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ECB-ART-52838
J Phycol 2020 Oct 01;565:1168-1183. doi: 10.1111/jpy.13016.
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Comparative Transcriptome Analysis Reveals Candidate Genes Related to Structural and Storage Carbohydrate Biosynthesis in Kelp Saccharina japonica (Laminariales, Phaeophyceae).

Zhang L , Cao Z , Liang G , Li X , Wu H , Yang G .


Abstract
Saccharina japonica is a brown macroalga that has been commercially cultivated in China for almost a century. As a natural raw material, it is widely used in the food and pharmaceutical industries, and it may potentially be useful for biofuel production. However, little is known about the genes involved in carbohydrate biosynthesis, and their regulation is less understood. In this study, the analysis of growth traits and alginate and mannitol contents suggested that sporophyte development could be divided into four stages. Accordingly, we performed transcriptome analysis of the S. japonica sporophyte. In total, 589 million clean reads were generated, and 4,514 novel genes were identified. Gene expression analysis revealed that 2,542 genes were differentially expressed. Kyoto Encyclopedia of Genes and Genomes pathway enrichment analysis indicated that these genes were significantly enriched in "Carbon metabolism," "Photosynthesis," and "Photosynthesis-antenna proteins" pathways, which are important for metabolism of various carbohydrates during sporophyte development. Systematic analysis identified the genes encoding enzymes for the biosynthesis of cell wall carbohydrates (including alginate, fucoidan, and cellulose) and cytoplasm storage carbohydrates (mannitol, laminarin, and trehalose). Among them, some key genes associated with carbohydrate content were further identified based on detailed expression profiling, representing good candidates for further functional studies. This study provides a global view of the carbohydrate metabolism process and an important resource for functional genomics studies in S. japonica. The results obtained lay the basis for elucidating the molecular mechanism of carbohydrate biosynthesis and for genetic breeding of carbohydrates-related traits in kelp.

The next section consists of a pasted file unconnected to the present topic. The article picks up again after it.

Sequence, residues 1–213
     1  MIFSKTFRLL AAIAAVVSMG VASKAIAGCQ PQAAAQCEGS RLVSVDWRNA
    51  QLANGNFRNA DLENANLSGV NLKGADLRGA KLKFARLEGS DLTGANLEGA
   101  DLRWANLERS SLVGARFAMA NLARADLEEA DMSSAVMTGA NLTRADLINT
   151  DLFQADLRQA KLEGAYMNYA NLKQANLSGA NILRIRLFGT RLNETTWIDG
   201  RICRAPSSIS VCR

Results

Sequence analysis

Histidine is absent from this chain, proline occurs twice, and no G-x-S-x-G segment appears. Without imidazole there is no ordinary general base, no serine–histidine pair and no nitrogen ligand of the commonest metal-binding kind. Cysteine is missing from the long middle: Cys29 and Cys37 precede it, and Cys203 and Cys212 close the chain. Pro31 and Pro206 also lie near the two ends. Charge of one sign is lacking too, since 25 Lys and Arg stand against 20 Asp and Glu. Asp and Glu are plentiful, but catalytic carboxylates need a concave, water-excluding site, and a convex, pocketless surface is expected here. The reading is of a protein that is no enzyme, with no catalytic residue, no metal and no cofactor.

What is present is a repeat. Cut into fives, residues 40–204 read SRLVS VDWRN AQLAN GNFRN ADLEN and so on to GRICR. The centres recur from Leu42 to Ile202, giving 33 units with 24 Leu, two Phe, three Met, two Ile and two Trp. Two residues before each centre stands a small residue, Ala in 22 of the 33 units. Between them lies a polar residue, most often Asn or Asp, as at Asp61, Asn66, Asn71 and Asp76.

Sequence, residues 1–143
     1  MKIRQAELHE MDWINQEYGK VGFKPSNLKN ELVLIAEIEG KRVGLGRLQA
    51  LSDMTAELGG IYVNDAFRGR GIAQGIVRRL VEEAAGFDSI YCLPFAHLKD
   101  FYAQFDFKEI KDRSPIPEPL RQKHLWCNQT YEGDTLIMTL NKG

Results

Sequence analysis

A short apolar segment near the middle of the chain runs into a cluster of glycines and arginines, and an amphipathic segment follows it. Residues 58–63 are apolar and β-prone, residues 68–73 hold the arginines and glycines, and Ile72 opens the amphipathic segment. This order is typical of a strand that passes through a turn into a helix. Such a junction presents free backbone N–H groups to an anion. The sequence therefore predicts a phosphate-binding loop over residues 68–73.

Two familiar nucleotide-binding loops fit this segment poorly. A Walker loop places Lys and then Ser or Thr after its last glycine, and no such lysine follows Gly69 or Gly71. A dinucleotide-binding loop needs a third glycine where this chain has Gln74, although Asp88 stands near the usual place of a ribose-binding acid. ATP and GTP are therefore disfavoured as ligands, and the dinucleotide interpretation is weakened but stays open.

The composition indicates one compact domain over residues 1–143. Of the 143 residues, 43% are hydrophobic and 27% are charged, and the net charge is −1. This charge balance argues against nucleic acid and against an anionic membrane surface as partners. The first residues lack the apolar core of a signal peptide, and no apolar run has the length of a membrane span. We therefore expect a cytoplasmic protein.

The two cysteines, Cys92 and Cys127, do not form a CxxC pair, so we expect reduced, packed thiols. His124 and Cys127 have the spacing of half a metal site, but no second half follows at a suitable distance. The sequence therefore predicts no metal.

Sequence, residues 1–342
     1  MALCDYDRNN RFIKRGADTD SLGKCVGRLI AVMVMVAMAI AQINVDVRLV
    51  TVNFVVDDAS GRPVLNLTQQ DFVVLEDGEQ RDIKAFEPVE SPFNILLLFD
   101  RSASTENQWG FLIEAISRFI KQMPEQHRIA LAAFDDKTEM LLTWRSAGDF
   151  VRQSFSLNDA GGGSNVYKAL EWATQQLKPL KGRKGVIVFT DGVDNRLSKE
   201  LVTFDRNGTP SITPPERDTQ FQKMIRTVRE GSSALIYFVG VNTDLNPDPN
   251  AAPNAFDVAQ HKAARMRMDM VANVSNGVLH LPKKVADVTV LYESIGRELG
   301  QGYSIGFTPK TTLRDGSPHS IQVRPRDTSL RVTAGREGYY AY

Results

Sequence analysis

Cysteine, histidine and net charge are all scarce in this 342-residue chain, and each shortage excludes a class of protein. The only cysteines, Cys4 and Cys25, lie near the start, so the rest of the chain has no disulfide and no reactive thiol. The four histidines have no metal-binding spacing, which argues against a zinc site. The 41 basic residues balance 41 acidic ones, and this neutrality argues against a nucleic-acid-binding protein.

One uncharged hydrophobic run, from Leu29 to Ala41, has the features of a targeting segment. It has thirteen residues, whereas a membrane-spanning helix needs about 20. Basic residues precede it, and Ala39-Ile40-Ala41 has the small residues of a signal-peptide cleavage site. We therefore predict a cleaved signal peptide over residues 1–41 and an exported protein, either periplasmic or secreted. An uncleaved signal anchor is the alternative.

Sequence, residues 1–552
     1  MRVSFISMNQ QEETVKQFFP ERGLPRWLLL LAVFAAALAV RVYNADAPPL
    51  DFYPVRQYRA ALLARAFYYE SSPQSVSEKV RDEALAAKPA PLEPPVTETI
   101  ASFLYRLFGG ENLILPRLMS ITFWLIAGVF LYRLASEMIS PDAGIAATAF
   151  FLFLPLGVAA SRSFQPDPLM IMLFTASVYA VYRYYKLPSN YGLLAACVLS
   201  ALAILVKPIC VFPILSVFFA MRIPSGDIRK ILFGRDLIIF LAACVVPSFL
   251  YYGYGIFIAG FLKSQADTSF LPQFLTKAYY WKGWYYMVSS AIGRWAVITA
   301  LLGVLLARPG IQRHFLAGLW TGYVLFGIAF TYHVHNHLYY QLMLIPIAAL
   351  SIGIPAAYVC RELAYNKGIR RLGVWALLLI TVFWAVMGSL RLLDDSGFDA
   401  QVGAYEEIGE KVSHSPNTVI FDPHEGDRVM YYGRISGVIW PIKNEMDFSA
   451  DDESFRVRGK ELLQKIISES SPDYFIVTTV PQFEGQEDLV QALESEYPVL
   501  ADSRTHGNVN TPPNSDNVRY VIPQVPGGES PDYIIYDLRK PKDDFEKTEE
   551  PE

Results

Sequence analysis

PubMed ID: 32408392
Article link: J Phycol
Grant support: [+]